Democrats: GOP Using Solyndra To Attack Renewables, Help Fossil Fuels

By Simon Lomax, energyNow!

Republicans lawmakers are using their investigation of Solyndra, a California solar company that went bankrupt last month despite a $535 million loan guarantee from the Obama administration, to undermine renewable energy companies and help the fossil-fuel industry, congressional Democrats said Friday.

“Instead of helping America lead the world in clean energy, the Republican-controlled House is doing everything possible to maintain our addiction to fossil fuels and cripple renewable energy companies,” U.S. Rep. Henry Waxman (D-CA), the House Energy and Commerce Committee’s top Democrat, said at a hearing on the Solyndra bankruptcy Friday.


image via Solyndra

The hearing was called to question U.S. Treasury officials about their agency’s involvement in the Solyndra loan guarantee, which was awarded by the Department of Energy in 2009. The loan was later restructured in an effort to save Solyndra, and private investors were given priority over the U.S. government for the first $75 million raised if the company went bankrupt and its assets liquidated. Republicans on the committee say Treasury officials questioned the legality of paying private investors before taxpayers.

“Senior officials at the Department of Treasury were not sufficiently consulted about the restructuring and when they offered their opinions and warning signs, they were ignored like so many of the others along the way,” said U.S. Representative Cliff Stearns (R-FL), the lawmaker leading the committee’s Solyndra investigation.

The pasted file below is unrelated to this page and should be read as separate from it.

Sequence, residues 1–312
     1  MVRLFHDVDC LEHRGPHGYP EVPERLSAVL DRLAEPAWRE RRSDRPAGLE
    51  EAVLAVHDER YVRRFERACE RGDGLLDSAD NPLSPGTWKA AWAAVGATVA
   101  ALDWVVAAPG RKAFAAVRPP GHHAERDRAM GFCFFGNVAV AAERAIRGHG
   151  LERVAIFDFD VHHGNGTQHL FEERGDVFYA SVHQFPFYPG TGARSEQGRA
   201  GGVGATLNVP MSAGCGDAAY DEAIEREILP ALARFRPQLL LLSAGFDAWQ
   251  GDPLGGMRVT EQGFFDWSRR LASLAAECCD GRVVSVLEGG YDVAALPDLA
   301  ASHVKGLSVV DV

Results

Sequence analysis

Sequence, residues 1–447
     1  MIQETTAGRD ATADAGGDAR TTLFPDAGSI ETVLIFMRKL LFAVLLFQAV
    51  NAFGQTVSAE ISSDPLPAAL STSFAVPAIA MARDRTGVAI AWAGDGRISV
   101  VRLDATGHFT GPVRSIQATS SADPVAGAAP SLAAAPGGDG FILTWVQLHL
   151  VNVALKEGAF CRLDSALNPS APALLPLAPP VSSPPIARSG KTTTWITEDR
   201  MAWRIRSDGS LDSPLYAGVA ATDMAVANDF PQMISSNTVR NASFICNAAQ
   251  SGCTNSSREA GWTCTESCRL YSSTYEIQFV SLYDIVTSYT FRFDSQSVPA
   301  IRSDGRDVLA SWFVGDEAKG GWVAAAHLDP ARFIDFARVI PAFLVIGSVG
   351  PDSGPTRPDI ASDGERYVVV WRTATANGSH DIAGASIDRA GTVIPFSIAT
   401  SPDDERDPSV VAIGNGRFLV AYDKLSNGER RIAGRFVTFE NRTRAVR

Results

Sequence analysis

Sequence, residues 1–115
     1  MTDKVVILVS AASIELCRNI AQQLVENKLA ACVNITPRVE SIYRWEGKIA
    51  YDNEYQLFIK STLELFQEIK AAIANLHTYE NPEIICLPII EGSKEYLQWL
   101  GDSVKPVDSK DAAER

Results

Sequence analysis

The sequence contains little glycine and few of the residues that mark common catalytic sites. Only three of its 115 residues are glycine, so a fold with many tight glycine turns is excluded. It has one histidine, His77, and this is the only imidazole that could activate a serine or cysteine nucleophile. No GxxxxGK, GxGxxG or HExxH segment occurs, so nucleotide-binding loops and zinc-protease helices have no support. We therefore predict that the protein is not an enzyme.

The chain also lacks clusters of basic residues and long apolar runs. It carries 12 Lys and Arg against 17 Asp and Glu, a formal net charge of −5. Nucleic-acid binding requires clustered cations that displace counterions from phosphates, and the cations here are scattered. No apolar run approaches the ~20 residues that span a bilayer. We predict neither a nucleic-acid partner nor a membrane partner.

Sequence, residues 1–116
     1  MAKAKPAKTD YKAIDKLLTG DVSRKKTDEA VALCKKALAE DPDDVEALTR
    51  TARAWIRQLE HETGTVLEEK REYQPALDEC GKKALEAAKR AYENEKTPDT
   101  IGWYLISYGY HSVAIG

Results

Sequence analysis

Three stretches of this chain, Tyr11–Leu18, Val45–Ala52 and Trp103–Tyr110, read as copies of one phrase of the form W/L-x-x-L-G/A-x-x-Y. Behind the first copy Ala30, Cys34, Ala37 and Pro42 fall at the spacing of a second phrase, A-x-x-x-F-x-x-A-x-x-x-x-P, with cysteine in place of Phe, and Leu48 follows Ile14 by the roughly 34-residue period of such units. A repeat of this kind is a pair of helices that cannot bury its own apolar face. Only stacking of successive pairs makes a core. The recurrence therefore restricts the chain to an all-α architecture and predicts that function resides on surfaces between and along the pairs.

U.S. Rep. Diana DeGette (D-CO) accused the Republicans leading the Solyndra investigation of being more interesting in “generating headlines” than “fact finding.” But Stearns said the committee’s investigation is being run fairly and said Waxman’s comments were “outrageous.”

Stearns also responded to criticism from President Obama and other Democrats, who seized on the Florida lawmakers recent comments on renewable energy competition between the U.S. and China. Stearns told NPR earlier this month that the U.S. “can’t compete with China to make solar panels and wind turbines.” Stearns said his remarks were “taken out of context.”

“I simply pointed out the fact that China, which subsidizes their solar manufacturing at $30 billion a year, has fewer regulations, lower labor costs, access to raw materials and a lack of environmental and safety regulations,” Stearns said. “I think the United States should focus where we have a competitive advantage.”

Editor’s Note: This news story comes to us as a cross post courtesy of energyNow! Author credit for the news story goes to Simon Lomax.

I am the editor-in-chief and founder for EarthTechling. This site is my desire to bring the world of green technology to consumers in a timely and informative matter. Prior to this my previous ventures have included a strong freelance writing career and time spent at Silicon Valley start ups.

1 Comment

  • Reply October 17, 2011

    Chris Parkinson

    Solyndra did nothing wrong. I ask the BK court to establish a trustee and he or she hire myself as CEO. I can drive Solyndra right and into profitability. I know what went wrong, can rectify the issues, but certain investors would rather see the junk sale of the company and they made whole again. They knew the risk, now it is time to take this behemoth and turn it into a profit engine as it is designed to do. As CEO I will work for $1 per year be given preferred stock, and in one year turn the company around. Better than a ten cents on the dollar fire sale Republicans want, so they do a “See I told you so”

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